This step is especially crucial if you plan to wick water from the LECA system. Utilizing tap or rainwater for this step increases the risk of mineral burn, which could cause significant damage to your plants.

Similarly, hard water can draw out minerals from your LECA and damage your plant’s root system. For best results, use filtered or distilled water if possible; it’s preferable.

Once your water is clear, submerge your LECA balls in it and let them soak for at least 30 minutes. Drain the water and discard it as any sediment left behind could be hazardous to your plant.

Once your water is clear again, you can begin potting LECA balls into a nutrient solution. Make sure to use a hydroponic formula specifically tailored to each plant’s individual requirements; this will guarantee that your plants get enough nutrition without overdosing on minerals or causing mineral burn.

Keeping the Plant Healthy

When creating leca balls, it’s essential to ensure the plant is in top condition. This includes watering regularly and inspecting its roots for signs of pests or root rot; you don’t want any unnecessary damage from these issues.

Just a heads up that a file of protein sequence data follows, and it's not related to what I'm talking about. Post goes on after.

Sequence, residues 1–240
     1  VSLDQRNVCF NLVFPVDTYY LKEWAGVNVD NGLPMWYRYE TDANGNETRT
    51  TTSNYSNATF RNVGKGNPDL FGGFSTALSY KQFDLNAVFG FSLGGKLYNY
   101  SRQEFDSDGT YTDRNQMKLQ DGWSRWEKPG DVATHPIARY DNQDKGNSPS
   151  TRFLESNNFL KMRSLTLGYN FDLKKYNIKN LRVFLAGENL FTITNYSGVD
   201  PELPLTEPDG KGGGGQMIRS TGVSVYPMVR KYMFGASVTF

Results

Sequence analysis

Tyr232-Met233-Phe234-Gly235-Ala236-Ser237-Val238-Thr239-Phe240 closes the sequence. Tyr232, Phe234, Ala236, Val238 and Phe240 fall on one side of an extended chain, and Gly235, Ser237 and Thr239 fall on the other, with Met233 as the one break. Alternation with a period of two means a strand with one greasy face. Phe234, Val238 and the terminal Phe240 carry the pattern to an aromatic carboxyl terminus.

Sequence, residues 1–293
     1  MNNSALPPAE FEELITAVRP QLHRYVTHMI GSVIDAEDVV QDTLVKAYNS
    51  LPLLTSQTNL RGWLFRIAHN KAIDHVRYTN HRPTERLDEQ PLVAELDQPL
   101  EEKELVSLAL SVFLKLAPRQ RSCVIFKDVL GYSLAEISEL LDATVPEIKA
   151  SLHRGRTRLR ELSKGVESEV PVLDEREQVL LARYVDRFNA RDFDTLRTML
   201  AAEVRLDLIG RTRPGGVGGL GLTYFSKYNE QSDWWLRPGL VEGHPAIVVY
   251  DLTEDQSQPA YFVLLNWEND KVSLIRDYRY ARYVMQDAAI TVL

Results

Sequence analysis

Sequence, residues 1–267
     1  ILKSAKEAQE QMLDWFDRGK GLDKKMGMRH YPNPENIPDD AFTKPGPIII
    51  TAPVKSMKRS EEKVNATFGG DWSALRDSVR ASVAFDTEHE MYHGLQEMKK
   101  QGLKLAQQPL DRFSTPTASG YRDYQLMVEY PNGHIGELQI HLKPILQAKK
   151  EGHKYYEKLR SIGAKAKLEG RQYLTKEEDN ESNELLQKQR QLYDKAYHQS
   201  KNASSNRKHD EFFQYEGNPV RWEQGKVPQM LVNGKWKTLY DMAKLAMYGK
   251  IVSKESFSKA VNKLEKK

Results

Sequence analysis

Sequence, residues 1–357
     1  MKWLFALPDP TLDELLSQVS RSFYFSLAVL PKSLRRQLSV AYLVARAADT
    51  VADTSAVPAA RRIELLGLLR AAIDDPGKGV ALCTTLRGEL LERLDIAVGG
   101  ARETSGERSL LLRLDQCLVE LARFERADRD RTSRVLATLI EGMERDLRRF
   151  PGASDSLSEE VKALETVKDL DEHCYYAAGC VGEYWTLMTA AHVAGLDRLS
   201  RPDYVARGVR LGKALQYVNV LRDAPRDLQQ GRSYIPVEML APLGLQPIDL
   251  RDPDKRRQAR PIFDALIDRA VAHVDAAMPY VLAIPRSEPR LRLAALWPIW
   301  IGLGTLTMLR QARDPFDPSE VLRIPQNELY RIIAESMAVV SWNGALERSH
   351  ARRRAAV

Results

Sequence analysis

Overwatering is a frequent issue for indoor plants, especially those in soil with heavy organic matter. Excess watering can smother the roots and invite pests such as fungus gnats to take hold.

Additionally, water stress can cause plants to grow slowly and even lose their leaves. If your plant is exhibiting any of these symptoms, you may need to alter its water source.

When using rain water for your LECA set-up, it’s especially critical to be mindful of mineral burn risks. Tap water also poses an increased risk since it might contain sodium or potassium.

Keep your plants happy by placing the water reservoir at the bottom of the pot (under the roots), rather than filling up the entire container with it. This way, they can draw up water only when necessary.

As your plant grows, it will naturally absorb more and more water from the LECA. If the LECA appears dry, you can add more water for replenishment but do not overdo it.

The plant will quickly adjust to the new watering method and won’t struggle too much with adaptation. You may need to repot for the first few weeks, but that should be an easy step and soon you’ll have a healthier plant in no time!

Some plants are more resistant to changes in watering methods than others, so be patient and ensure the plant doesn’t become stressed out. Your plant may experience some growth loss, turn yellow, or lose leaves during this transition period.

When transitioning your plant from regular potting soil to LECA, be sure to thoroughly rinse its roots. Doing so will prevent soil residue from adhering onto the roots and causing them to dry out.

Krystal Morrison
Krystal Morrison